July 13, 2022 -- The City of Houston Health Department has notified the U. S. Environmental Protection Agency (EPA) and the Texas Commission on Environmental Quality about the discovery of the chemical dioxin in a single surface soil sample taken on June 15, 2022, near Liberty Road and Lavender St. in Kashmere Gardens.
The City of Houston, Harris County, and community leaders have consistently pressed Union Pacific and state agencies to do more to determine the extent of contamination and to protect residents’ health and property in the area. The Houston Health Department recently stepped forward to test for dioxins in soil near the former railroad creosote treatment facility in Kashmere Gardens.
According to the EPA, dioxins are persistent organic pollutants (POPs), meaning they take a long time to break down once in the environment. Dioxins refers to a group of toxic chemical compounds that can cause certain types of cancer, reproductive and developmental problems, damage to the immune system, and can interfere with hormones.
Following the detection in the initial sample, the Health Department gathered more samples and is conducting laboratory testing of the samples. The Health Department is also proceeding with a community plan to inform residents and will continue working closely with the EPA, the Texas Department of State Health Services and the Texas Commission on Environmental Quality (TCEQ).
The finding of Dioxin in the Fifth Ward and Kashmere Gardens area is noteworthy and underscores why we are working aggressively to protect families and their children,” said Mayor Sylvester Turner. “We already know that the Texas Department of State Health Services found a higher-than-expected cancer rate of acute lymphoblastic leukemia at nearly five times the expected rate.”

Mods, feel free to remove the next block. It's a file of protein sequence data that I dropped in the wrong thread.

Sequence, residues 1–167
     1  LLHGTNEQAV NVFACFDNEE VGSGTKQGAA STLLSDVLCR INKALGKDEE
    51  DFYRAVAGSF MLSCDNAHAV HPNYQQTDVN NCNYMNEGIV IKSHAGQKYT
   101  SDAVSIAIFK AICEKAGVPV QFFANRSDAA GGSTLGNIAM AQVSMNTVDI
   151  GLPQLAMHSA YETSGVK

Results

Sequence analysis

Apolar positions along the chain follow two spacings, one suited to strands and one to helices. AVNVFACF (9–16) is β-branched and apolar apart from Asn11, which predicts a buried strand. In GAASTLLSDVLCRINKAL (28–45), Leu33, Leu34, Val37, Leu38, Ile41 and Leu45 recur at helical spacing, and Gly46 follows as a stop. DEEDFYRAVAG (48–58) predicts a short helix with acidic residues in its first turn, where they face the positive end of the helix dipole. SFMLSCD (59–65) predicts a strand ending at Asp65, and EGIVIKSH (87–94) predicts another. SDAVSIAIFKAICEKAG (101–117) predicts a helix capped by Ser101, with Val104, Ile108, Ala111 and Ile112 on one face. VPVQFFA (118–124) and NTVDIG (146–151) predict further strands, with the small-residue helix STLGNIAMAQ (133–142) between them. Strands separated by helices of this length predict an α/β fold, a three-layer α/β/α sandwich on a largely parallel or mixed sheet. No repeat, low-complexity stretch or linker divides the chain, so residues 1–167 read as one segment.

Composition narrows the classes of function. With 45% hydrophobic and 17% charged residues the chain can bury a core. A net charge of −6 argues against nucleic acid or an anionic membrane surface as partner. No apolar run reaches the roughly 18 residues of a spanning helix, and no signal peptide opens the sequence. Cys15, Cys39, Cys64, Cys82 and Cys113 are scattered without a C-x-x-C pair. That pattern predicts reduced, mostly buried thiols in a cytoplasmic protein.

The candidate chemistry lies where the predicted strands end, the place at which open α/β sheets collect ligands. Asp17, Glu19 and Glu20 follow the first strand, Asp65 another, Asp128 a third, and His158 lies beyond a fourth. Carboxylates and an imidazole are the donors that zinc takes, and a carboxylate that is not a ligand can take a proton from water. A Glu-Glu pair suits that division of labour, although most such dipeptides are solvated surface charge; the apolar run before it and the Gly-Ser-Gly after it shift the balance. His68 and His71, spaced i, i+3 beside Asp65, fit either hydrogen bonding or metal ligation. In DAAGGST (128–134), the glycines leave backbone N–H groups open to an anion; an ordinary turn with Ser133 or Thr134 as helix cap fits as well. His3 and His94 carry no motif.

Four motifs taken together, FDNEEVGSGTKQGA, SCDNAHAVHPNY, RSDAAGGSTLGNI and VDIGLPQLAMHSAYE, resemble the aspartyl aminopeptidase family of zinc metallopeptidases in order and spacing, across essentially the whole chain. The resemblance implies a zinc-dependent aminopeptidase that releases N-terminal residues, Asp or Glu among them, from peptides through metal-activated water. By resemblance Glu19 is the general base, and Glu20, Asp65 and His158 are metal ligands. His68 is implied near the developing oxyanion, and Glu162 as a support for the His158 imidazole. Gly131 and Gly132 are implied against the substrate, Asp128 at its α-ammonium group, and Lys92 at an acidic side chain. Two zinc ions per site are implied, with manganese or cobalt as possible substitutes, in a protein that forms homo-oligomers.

Earlier this month, Mayor Turner and Harris County Attorney Christian D. Menefee announced they would each submit Notices of Intent to Sue pursuant to the federal Resource Conservation and Recovery Act to Union Pacific Railroad ("UP") in connection with long-standing contamination in Houston's Fifth Ward from UP's Houston Wood Preserving Works creosote treatment facility.
“These findings support what residents of Kashmere Gardens have been telling us about their exposure to toxic chemicals. This is inexcusable and shouldn’t happen in the richest country in the world, or anywhere for that matter. We cannot wait to take action to protect the people living in this community,” said Harris County Attorney Christian Menefee. “I’m glad that the city, county, and federal government are all working together to ensure that residents of this historically underserved community get the answers and the solutions they deserve.”
"The residents of Kashmere Gardens have been through a lot, and they have every right to be informed about the findings. Like anyone else in Houston, they have a right to demand and expect a safe environment, and the City will never stop advocating on their behalf," said Mayor Turner.